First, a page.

During the 1906 earthquake in California, a statue of the scientist Louis Agassiz fell from its perch, plunging the marble head of the Swiss-born naturalist straight into the ground and leaving his feet sticking up in the air. That seems to be where Agassiz still rests: head in the sand, feet in the air, something of a laughingstock. And as Christoph Irmscher points out in his new biography, Louis Agassiz: Creator of American Science, most people today don’t know who Agassiz is—or if they do, they “tend to think of [him] as a misguided, opportunistic bigot.” Irmscher, a professor of English at Indiana University, is the author of an excellent study of American science writing, The Poetics of Natural History: From John Bartram to William James. That book includes a fine chapter on Agassiz, which the author has now expanded into a readable, well-informed and occasionally irritating biography.

Irmscher emphasizes early on that he’s not about to tidy up Agassiz’s image, although the celebrated scientist once wowed antebellum audiences in the United States, taught brilliant young scientists at Harvard, established the university’s Museum of Comparative Zoology and became the “Johnny Appleseed of science” (or so the cultural critic Van Wyck Brooks once called him). Wielding his considerable influence, Agassiz also tried to prevent Darwin’s theories from being accepted in the United States and was a “craven racist” (Irmscher’s words) who emphatically pronounced black men and women, as well as Native Americans and Asians, decidedly inferior to Caucasians.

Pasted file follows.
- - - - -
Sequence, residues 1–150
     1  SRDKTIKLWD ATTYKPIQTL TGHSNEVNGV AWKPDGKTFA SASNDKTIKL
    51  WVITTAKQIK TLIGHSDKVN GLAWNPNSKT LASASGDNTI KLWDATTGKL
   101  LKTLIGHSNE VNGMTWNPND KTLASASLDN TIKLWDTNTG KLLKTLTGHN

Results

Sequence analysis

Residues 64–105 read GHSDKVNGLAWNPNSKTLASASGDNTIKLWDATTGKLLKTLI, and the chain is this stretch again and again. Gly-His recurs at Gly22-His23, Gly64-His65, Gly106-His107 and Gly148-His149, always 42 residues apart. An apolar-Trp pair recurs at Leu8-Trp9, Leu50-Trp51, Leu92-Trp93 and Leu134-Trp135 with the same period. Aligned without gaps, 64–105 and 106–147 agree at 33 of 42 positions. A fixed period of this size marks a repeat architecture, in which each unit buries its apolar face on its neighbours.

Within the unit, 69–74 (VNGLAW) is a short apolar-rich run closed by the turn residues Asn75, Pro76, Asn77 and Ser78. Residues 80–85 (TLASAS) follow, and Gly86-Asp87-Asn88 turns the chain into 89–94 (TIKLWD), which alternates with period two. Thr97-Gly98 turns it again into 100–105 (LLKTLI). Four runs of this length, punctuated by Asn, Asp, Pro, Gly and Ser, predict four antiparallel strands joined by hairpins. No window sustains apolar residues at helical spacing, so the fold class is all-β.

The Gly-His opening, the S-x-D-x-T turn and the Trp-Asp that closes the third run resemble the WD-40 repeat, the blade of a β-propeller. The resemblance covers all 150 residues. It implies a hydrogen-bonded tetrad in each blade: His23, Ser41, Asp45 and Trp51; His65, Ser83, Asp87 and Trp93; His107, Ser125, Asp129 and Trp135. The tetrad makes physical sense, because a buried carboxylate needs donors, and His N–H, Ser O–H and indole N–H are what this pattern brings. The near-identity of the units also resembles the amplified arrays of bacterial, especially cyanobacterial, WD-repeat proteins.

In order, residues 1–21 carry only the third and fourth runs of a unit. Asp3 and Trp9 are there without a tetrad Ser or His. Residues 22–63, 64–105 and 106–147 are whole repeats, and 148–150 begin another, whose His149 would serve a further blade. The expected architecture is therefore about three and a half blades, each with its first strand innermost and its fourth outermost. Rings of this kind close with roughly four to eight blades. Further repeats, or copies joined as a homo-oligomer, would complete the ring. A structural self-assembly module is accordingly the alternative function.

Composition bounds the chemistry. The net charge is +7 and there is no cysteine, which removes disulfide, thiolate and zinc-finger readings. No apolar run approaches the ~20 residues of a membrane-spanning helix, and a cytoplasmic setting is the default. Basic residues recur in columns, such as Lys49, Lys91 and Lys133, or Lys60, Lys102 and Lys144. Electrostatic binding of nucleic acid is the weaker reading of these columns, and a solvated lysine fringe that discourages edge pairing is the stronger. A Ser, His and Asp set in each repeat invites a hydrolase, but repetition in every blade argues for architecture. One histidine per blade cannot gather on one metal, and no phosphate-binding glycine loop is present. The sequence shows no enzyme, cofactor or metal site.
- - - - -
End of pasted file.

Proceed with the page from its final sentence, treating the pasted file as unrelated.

All this leaves Irmscher with what he calls “a challenging [tale] to tell.” Of course, such challenges are the bane or the blessing (largely both) of anyone who writes about a pockmarked character (most are), or about a subject whose life and work don’t fit in with the current moral zeitgeist. And Agassiz is certainly out of step: fifty years ago, his biographer Edward Lurie called his racial views “tragic,” while the eminent biologist Stephen Jay Gould—the first to publish Agassiz’s unexpurgated letters about racial difference—points out that Agassiz was so much on the wrong side of the debates about Darwin and race that when he died, at age 66, he was almost totally isolated from the scientific community. Frustrated, stubborn and committed to bad science, the great naturalist, in Gould’s view, was a bit of a fallen angel. His story is one of the intrepid pursuit of a perverse idea: that the world was created in one way, and one way only, by a designing God who left nothing to chance. Agassiz resolved to prove that conclusion no matter what.

Though he largely agrees with Gould, Irmscher tacks in a slightly different direction. He claims that Agassiz was a man of contradictions, one who wanted to be rigorous but also wanted (needed?) to be popular; who established science as a “collective enterprise” but imperiously demanded credit for the research conducted under his auspices; who disliked slavery but also blacks (though in his day this wasn’t much of a contradiction); and who never stopped talking even as his reputation sank deeper into an embarrassed silence.